Wednesday, April 9, 2014
the flutter of a hummingbird's wing
It's been seven years since I lived where storms visit frequently. Two years spent in the arid mountain desert where I had only experienced on small clap of thundersnow and five in the heart of Texas, where the drought is prominent and storms are few and far between. But when it is decided that a storm must blow through-it is quick and powerful. And it puts me on edge. I no longer like the rumbles of distant thunder or the sharp crack of an angry cloud. I must admit, it scares me a little.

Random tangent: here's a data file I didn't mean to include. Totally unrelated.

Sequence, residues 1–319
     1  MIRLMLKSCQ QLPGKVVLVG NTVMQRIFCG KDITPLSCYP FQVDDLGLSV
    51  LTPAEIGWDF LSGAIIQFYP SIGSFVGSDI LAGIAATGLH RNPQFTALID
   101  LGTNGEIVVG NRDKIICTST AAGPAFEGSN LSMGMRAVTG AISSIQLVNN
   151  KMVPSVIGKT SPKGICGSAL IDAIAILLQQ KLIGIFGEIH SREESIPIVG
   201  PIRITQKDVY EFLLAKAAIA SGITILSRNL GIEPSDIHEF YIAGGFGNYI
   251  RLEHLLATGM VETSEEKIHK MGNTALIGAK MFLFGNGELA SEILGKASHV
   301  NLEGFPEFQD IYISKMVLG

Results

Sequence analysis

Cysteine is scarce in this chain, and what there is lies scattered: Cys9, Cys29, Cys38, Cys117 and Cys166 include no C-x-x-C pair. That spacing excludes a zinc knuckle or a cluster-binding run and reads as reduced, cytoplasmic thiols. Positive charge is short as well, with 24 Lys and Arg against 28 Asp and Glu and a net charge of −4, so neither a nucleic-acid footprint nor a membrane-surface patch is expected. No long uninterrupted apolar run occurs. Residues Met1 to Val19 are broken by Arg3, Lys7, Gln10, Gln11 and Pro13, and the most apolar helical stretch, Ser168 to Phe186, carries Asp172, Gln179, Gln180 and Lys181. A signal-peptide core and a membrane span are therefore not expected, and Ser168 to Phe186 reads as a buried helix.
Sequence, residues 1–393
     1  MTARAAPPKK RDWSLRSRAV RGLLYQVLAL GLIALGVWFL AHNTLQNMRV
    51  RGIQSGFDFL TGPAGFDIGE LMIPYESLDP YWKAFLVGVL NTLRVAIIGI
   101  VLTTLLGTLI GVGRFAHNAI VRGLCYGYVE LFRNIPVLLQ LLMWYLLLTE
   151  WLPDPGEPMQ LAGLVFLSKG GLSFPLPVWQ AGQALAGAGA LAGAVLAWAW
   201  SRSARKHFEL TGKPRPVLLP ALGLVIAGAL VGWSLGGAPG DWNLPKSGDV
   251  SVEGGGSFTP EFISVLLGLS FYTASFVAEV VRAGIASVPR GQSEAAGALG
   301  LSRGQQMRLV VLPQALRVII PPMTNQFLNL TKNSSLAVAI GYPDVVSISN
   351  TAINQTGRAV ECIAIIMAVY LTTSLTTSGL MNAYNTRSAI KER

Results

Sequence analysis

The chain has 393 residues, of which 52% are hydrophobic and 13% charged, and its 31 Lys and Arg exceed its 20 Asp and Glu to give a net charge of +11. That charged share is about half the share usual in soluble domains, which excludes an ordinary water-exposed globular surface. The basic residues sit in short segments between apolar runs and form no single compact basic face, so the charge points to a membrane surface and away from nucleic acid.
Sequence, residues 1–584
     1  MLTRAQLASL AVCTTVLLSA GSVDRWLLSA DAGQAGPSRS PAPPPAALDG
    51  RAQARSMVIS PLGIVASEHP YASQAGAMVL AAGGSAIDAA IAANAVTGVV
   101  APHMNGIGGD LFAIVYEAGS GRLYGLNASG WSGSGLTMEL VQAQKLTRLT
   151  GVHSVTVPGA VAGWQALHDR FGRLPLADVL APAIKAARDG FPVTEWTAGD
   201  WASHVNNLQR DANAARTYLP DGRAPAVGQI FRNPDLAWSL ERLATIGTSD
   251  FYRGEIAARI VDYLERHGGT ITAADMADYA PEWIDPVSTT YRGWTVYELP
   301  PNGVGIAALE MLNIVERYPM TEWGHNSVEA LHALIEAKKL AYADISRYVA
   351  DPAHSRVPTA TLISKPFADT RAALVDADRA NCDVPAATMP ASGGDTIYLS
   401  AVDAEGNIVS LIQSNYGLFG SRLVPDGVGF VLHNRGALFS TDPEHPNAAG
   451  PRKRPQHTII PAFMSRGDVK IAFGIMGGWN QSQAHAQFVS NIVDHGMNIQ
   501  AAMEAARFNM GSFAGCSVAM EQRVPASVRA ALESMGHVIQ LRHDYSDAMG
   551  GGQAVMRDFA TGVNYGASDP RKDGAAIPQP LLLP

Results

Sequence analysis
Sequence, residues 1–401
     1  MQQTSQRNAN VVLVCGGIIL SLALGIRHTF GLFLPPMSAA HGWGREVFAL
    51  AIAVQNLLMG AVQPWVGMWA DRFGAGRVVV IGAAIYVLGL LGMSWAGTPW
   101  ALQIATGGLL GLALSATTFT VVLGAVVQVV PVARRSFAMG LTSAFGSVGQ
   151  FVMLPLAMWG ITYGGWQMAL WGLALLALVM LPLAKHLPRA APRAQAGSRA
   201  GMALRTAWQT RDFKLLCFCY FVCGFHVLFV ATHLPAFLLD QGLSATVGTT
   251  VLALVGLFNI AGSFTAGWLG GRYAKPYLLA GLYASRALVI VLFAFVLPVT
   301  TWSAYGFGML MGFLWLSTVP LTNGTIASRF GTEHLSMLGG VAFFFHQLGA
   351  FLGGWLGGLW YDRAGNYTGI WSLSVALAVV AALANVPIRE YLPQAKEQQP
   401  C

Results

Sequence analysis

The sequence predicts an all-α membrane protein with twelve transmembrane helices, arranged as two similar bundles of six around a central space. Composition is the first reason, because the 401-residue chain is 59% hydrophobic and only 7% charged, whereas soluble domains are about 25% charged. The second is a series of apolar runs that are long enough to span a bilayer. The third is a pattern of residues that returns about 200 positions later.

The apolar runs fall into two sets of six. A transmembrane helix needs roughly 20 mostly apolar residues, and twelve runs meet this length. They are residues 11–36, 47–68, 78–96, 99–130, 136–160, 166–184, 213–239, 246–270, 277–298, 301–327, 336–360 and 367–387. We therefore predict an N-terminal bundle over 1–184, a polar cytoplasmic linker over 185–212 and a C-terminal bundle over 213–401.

This storm flew in like the flutter of a hummingbird's wing. Quick and powerful, the sky turned from fair to menacing in mere moments. The winds swept in on a black and blue sky. With the flash of lightning and the rolls of thunder the storm pushed through quickly and furiously. It was just on the cusp of sunset when the sky turned sepia, then mauve; and then a rainbow followed. It was faint and large, bowing over a dusky rose curtain. To the west the sun had turned in for the day, saying goodbye to the heavy, gray clouds and leaving us with a spectacular sunset.